Economic activity in the eurozone plunged again in May thanks to the lockdowns that have closed most businesses. And although the decline was not as steep as in April when the pandemic first hit the economy hard, there were few signs that a sharp recovery was in the offing.
The most worrying aspect of the report was the bleak outlook for jobs and the prospect of a rash of redundancies when the short-term jobs schemes across the Eurozone come to an end and firing bans are lifted.
Having hit a record low reading of 13.6 in April, the IHS Markit Purchasing Managers Index (PMI) rose to 30.5 in May, according to data released yesterday.
That is an improvement in sentiment for one of the most closely-watched economic indicators, but still shows businesses are cutting back rather than expanding. An index reading below 50 is negative.
"The eurozone saw a further collapse of business activity in May but the survey data at least brought reassuring signs that the downturn likely bottomed out in April," said Chris Williamson, chief business economist at IHS Markit.
While conditions did appear to be easing slightly after the initial shock, there were some worrying signals inside the data. There did not appear to be any easing in the pace of job cuts even as restrictions were lifted and industries started up again.
"According to the survey, businesses indicated that short-time work schemes had helped to keep people at work, but the data does suggest that unemployment is rising significantly across the eurozone at the moment," said Bert Colijn of ING.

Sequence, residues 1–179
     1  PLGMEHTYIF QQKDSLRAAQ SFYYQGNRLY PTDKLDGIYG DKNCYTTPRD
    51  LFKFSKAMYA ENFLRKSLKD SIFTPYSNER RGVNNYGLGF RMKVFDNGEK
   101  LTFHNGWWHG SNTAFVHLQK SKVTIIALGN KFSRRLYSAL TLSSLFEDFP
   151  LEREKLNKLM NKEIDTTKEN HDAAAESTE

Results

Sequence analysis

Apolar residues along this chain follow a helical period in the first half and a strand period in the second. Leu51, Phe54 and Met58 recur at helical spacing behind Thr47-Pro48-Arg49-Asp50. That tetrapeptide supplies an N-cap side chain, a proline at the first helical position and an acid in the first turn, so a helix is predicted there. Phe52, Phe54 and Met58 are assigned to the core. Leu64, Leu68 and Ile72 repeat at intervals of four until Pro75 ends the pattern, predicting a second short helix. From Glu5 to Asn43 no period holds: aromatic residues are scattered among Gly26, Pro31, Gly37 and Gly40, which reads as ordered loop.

The employment composite index of the PMI rose by a tiny amount to 37.4 in May from April's 33.4 and firms said that while furlough schemes had reduced the need to sack staff, longer-term job retention depended on the speed at which order books were filled.
"This doesn't bode well for a fast recovery either as demand will be hit by the lower disposable household income," Mr Colijn said.
The shock also appeared in data from the Central Statistics Office for the first quarter which showed Ireland was at full employment before Covid.
Now, almost one in three people is the State is without a job - counting those on a pandemic payment and those officially listed unemployed.
The Department of Finance is looking for the jobless rate to fall sharply to one in ten by the end of the year and for 115,000 jobs to be created next year. That pace would be more than double the average of 67,000 new jobs that have been created each year in seven years of economic boom.